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I second the proposition.
Several times I tried to call such functions/macros, but the
completion engine of my IDE refused to complete the names :-)
These are only syntaxic sugar, so we can easily live without them, but
since it does not add any extra code to define these macros, I see no
good reason not to provide them.

I do not fully agree with Tony Finch remarks, since I have counter
examples for all points :

>>   #define luaL_checkboolean(L,n)    (luaL_checktype(L, (n), LUA_TBOOLEAN))
> Use lua_toboolean. It is more idiomatic than requiring that a value is
> exactly true or false.

In my recent binding of Pipeline (our proprietary image processing C++
library) to Lua, a C++ bool argument can only receive Lua true and
false values.
This is certainly easier to find errors in the user script if expected
boolean arguments are not forced to boolean values using
For example 0 is true, although most probably the user would have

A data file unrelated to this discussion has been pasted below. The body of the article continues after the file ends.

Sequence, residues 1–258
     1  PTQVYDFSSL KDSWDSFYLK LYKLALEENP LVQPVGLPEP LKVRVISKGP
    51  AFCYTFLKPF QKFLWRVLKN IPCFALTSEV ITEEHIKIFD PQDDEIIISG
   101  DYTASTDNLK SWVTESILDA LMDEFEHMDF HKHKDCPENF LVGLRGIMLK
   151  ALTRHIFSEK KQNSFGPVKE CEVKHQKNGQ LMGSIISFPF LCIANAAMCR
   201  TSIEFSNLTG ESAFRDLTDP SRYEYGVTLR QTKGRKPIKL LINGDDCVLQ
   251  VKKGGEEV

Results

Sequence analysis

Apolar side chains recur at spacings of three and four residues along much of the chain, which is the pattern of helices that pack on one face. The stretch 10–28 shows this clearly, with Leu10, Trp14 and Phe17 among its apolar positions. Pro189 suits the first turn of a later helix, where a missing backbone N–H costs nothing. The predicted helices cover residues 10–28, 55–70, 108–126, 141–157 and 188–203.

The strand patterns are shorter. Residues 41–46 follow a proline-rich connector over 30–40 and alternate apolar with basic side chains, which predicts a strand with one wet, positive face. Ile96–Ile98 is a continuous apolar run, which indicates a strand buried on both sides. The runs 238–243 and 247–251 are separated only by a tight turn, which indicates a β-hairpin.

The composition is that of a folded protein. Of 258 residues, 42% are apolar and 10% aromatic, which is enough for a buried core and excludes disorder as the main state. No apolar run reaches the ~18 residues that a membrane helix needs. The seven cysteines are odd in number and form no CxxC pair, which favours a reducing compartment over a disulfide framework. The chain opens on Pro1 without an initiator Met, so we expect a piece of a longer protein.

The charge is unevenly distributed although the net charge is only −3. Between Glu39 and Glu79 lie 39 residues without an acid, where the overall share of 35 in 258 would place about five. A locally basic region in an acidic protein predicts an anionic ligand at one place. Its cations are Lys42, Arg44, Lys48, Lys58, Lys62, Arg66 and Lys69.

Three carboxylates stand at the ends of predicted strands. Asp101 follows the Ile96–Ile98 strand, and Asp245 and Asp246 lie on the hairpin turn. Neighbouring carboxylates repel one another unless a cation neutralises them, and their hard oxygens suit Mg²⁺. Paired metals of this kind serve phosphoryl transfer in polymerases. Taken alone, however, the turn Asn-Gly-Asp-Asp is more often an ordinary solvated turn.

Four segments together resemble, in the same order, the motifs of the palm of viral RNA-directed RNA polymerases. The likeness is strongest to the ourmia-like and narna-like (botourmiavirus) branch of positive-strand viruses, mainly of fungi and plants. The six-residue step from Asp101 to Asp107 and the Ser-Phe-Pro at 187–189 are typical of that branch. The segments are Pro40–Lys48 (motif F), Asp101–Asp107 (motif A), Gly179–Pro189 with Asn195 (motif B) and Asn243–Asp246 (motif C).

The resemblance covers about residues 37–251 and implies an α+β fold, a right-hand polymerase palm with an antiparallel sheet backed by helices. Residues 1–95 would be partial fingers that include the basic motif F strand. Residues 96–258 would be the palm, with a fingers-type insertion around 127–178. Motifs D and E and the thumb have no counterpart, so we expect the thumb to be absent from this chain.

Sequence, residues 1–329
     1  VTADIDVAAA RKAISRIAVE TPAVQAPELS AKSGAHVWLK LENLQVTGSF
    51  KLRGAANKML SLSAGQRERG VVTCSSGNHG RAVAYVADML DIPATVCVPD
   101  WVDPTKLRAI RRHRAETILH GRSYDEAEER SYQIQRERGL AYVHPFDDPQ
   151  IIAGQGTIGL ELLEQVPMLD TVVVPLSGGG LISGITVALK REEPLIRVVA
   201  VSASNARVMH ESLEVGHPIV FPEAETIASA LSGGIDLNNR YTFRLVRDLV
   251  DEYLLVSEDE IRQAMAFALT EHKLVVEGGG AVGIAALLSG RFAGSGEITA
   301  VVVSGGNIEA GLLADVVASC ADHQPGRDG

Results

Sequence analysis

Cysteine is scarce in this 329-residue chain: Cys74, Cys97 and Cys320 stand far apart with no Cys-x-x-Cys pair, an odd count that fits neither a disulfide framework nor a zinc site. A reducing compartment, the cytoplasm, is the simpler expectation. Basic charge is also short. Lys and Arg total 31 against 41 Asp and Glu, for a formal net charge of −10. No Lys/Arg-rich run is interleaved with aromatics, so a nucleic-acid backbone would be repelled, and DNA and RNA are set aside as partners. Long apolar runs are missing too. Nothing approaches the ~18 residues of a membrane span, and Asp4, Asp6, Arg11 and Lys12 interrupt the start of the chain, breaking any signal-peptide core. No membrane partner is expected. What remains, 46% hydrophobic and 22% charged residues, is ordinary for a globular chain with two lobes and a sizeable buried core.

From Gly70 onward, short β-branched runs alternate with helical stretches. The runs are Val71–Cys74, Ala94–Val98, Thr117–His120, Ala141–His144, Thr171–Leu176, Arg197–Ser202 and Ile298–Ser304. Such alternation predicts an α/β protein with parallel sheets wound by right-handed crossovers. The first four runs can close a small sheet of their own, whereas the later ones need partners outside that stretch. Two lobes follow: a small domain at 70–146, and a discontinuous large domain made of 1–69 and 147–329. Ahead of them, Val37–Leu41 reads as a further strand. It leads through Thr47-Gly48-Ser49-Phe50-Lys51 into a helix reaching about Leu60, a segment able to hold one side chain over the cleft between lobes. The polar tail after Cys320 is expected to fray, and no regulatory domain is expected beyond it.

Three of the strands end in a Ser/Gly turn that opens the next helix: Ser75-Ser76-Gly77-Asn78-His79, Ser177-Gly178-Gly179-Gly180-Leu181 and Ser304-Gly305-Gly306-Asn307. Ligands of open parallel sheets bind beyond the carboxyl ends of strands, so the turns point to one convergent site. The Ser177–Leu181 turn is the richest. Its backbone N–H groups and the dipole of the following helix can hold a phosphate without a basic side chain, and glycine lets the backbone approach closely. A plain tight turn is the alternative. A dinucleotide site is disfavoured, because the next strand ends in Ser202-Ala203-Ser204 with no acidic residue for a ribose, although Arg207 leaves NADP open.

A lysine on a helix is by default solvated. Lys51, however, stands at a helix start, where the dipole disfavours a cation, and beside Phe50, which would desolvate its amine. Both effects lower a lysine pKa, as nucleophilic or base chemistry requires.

expected false. Raising an error is certainly clearer.

>>   #define luaL_checknil(L,n)    (luaL_checktype(L, (n), LUA_TNIL))
> Requiring a function argument to be nil doesn't make sense.

It makes little sense, I agree. Since, in the same Pipeline binding, I
placed such an assertion (to be precise: LUA_TNIL or LUA_TNONE) !
The use case is for callback functions. The C++ function pointer
parameter can accept a Lua function passed as argument, while the
associated void* context pointer must be passed nil, and is mapped to
a pointer to the Lua context.

>>   #define luaL_checktable(L,n)    (luaL_checktype(L, (n), LUA_TTABLE))
> Prevents callers from passing an object with a suitable metatable.

By object, do you mean userdata? A table with a metatable still has a
table type.
My use case for that is to perform a preliminary test for an numerical
array. The user of Pipeline for example has no way to build a userdata
acting like an array, and has no reason to do so.
So it makes sense to check for a table argument.